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  12. #12
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    DeKa:
    I don't like the idea of going to a shop to do my research and then buying online. That's just plain rude.
    BTW, I agree

    But it's something we've been considering in marketing - I'm sure there are people out there who will do it.

    I'm sure Flight Centre is sick of the number of customers who come with travel.com.au quotes and ask to beat them. I've used travel.com.au and they've been fine, provided nothing goes wrong - then you do prefer having a proper agent. But their pricing is great (and share price is absolutely abysmal!) I don't know how they make money out of the cheap internet bookings, with the 5% discount the offer on domestic fares - with the red eDeals, you can't be making any money once you take 5% off.

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  13. #13
    Moderator Alan S's Avatar
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    Pug307:
    [QB
    It's not a result of someone hacking into the bank. If you're vigilant you shouldn't be burnt.

    If someone sends you an email randomly asking for your password, alarm bells ring in my head - firms just don't do that. They know what my password is, so why do they need me to "remind" them :confused [/QB]
    Justin,

    You've got me wondering about this statement; why would anyone need your password?
    When purchasing over the 'net I've only ever been asked number & date of expiry & NEVER the password. This is why when these ISPs tried to rip us off, they could just dip into it whenever they felt like it.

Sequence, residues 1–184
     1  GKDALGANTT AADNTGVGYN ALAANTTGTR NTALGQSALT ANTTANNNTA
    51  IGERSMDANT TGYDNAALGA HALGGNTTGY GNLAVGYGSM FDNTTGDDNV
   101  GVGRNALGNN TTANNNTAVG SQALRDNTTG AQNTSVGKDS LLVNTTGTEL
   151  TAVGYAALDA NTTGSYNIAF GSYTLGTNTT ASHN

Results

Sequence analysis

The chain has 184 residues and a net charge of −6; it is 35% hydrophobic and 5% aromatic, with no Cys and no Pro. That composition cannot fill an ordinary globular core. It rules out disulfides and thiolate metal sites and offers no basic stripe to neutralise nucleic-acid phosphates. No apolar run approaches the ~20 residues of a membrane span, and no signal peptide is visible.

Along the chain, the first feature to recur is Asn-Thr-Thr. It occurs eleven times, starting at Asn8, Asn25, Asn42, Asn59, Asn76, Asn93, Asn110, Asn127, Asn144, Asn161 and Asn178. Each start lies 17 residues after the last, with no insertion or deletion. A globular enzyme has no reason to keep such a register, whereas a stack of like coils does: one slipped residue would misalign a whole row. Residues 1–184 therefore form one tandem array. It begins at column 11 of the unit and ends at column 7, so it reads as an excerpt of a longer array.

I was always of the opinion that (as with the Trading Post) that once you've given any trader your details that they should get confirmation of payment & then destroy the information. Apparently this isn't so, as a result any unethical trader has unstoppable access to your finances at any time in the future; in one case with us, 5 months after we stopped dealing with them!! mallet .
    If they had to get a password or confirmation number it would stop a lot of this scamming that now goes on, this is why I wondered if your card company was using a different system.

    Alan S
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  14. #14
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    The comment in regards to passwords was actually in reference to the internet banking systems offered by the banks - to logon to your account, you need your username and password.

    Some online retailers require that you register with them and have an account with a password, but many simply require you punch in your credit card number and expiry. I haven't had any problems with using credit cards online.

    In regards to using credit cards online, I've never been asked for a PIN online for the credit card - when you get your receipt back, it just says in the signature section "Internet Sale". The problems of misuse are really no different to someone taking your credit card number on the phone and going on a spending spree.

    In your situation, I'd rather use a credit card than a direct debit from a bank account. You can dispute credit card charges somewhat more easily than money taken from your account.

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    604 tragic:
    I also know the best & cheapest ways to send items from US to Aust (usually via USPS prepaid satchels air xpress). Most US ebay vendors wont know this and can send stuff the expensive way - if you dont alert them first.